MTV show helps MU freshman slim down

Samuel Traverso, a freshman in the college of Arts & Sciences was selected to be on MTV’s “I Used to be Fat.” Photo courtesy of Sammy Traverso.

With “Love Your Body Week” beginning Monday, Sammy Traverso has a lot to love about his own— make that a lot less.

Traverso, a freshman in the College of Arts & Sciences, had not heard of the MTV show, “I Used To Be Fat” when his mom found an advertisement on Craigslist for “high school seniors who want to lose weight” last year.

“I thought it was some sort of paid research study,” he said.

As it turns out, the show helps high school seniors struggling with weight shed the pounds before heading off to college, and documents their progress.

He e-mailed the representatives of the show, and they asked him to put some videos together describing his life as an overweight high schooler.

Traverso sent videos of himself walking down the hall and sitting in desks at his high school, exercising, spending time with his family and attending prom festivities.

His struggles with weight for only part of his life may have set him apart for MTV decision-makers. In middle school, Traverso’s weight began to increase, a cause of which he is still uncertain, but thinks it may have had something to do with playing video games instead of exercising.

“I was skinny as a child, and by maybe fifth grade or so I started to gain weight for no specific reason,” he said. “Also, I was not bullied in high school. I made fun of myself to stop people from making fun of me. I tried to beat them to the punch.”

Once he was chosen to be on the show, Traverso had to sacrifice his summer vacation to a personal trainer, a diet change and hours of intense exercise.

Every day until the day he left the Chicago area for Marquette, Traverso worked out at a gym near his house for four hours. The sessions involved an hour of “intense” cardio, an hour-and-a-half of weight lifting and another hour of cardio, he said.

“Every day, my shirt was completely soaked with sweat,” he said.

During workouts, his personal trainer, Saran Dunmore, said she tried to “keep it fresh” by incorporating different activities each day. This, she said, helped keep Traverso focused on his goal.

“During the process, he would get really frustrated,” she said. “As he lost the weight, he could do more of what I asked him, and he stopped pouting and started smiling more.”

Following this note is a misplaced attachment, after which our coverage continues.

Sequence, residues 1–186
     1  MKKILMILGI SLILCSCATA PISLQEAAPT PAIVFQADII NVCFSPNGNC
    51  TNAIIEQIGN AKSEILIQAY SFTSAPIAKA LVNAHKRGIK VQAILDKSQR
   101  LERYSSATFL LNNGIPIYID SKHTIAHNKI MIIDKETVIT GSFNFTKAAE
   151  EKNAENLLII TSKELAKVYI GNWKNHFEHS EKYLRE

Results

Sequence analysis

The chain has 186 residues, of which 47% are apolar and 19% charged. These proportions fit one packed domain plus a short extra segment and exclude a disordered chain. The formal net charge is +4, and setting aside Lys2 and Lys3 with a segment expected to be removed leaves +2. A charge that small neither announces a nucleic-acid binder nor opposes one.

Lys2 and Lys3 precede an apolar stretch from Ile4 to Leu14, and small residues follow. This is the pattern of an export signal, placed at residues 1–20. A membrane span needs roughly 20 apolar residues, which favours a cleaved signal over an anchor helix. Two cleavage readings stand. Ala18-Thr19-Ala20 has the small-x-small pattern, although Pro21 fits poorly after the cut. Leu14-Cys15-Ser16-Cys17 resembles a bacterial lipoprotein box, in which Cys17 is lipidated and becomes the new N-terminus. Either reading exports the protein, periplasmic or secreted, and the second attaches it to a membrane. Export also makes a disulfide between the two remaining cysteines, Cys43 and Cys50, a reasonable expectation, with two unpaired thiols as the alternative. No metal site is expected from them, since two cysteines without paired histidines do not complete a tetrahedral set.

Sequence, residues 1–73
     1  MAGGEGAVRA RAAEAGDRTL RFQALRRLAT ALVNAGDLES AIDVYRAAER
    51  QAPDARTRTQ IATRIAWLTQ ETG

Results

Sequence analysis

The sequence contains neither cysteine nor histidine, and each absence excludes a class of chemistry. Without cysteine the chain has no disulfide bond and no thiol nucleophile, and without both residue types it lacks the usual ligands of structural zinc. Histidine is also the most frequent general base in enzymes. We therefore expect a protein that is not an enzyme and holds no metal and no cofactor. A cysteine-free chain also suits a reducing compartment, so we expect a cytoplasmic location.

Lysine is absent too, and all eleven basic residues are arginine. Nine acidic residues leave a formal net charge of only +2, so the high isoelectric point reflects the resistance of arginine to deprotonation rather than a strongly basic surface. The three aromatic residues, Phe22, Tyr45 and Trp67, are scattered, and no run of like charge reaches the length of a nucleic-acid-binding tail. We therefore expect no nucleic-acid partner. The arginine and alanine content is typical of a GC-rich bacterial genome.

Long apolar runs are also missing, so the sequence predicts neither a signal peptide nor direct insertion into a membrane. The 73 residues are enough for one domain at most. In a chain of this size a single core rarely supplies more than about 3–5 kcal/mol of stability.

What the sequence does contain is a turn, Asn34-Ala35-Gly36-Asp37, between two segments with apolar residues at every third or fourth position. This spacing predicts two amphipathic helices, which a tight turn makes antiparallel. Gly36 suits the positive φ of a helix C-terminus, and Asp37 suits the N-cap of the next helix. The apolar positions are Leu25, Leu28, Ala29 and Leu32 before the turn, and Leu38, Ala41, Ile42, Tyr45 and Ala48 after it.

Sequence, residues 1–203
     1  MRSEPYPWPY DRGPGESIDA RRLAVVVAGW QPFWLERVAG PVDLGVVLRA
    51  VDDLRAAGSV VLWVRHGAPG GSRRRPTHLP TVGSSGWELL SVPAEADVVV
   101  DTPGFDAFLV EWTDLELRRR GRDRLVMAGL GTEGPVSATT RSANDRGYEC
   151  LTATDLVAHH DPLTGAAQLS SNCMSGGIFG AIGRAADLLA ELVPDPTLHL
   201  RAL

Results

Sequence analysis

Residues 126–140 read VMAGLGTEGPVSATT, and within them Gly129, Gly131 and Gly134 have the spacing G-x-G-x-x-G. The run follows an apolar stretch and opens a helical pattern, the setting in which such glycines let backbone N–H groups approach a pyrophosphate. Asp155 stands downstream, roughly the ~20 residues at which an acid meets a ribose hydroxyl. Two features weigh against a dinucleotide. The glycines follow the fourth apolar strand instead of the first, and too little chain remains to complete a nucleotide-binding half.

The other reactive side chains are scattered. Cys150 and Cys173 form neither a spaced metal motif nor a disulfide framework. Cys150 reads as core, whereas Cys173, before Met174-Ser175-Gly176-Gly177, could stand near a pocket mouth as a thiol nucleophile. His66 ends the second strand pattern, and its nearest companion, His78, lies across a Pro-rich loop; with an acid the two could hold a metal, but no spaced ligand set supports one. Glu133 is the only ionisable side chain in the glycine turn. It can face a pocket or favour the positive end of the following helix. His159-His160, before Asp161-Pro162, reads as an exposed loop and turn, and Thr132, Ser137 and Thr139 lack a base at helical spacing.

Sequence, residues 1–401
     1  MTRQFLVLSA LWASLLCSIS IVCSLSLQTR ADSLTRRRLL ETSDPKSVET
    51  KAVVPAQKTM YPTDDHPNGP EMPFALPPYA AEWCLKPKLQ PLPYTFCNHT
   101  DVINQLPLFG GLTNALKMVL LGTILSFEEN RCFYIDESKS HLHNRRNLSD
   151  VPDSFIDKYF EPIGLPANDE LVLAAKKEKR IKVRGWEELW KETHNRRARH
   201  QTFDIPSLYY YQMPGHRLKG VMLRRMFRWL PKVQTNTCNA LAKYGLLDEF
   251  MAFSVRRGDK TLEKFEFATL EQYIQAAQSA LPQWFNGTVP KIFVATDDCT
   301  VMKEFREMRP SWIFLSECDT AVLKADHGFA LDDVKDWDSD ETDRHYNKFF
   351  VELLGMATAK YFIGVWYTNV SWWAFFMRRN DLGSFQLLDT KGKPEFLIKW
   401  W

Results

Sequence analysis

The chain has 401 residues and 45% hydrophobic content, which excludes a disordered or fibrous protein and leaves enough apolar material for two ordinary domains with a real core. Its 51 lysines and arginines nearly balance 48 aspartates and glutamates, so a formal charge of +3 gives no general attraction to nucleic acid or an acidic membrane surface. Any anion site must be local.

The show offered to set him up with a personal trainer once he got to Marquette, but he turned them down.

“I wanted to know for myself that I could continue to lose weight at college without a trainer,” Traverso said.

By exercising and adhering to a diet plan of whole grains, lean protein, fruits and vegetables, Traverso — who began the summer at 316 pounds — has managed to keep off the 115 pounds he lost.

He gives his mom and trainer the most credit, for supporting him and keeping him motivated.

“My mom definitely was my biggest support. And my trainer’s ability to push me farther than I ever went before always made my workouts enjoyable, if possible,” he said with a laugh.

Dunmore spoke highly of Traverso as well, saying they will be friends for life.

“Sammy was already an outgoing and funny person, and now he’s 10 times that,” Dunmore said. “But the thing I admire most about him is that he wants to help others who are going through the same issues with weight as he went through.”

One of his peers at Marquette also commented on Traverso’s personality.

“Although I don’t know him very well, he’s funny and easy-going,” said Hannah McCarthy, a freshman in the College of Communication. “He’s very open about the show and seems proud of it, which I think he deserves to be.”

Although Traverso said he learned a lot about how to eat right and maintain a healthy lifestyle, the self-confidence he gained from the show is more important to him.

“Before the show, I was always wondering what a person was thinking when they were looking at me,” he said. “Now I don’t feel like that. I am much more social and happy.”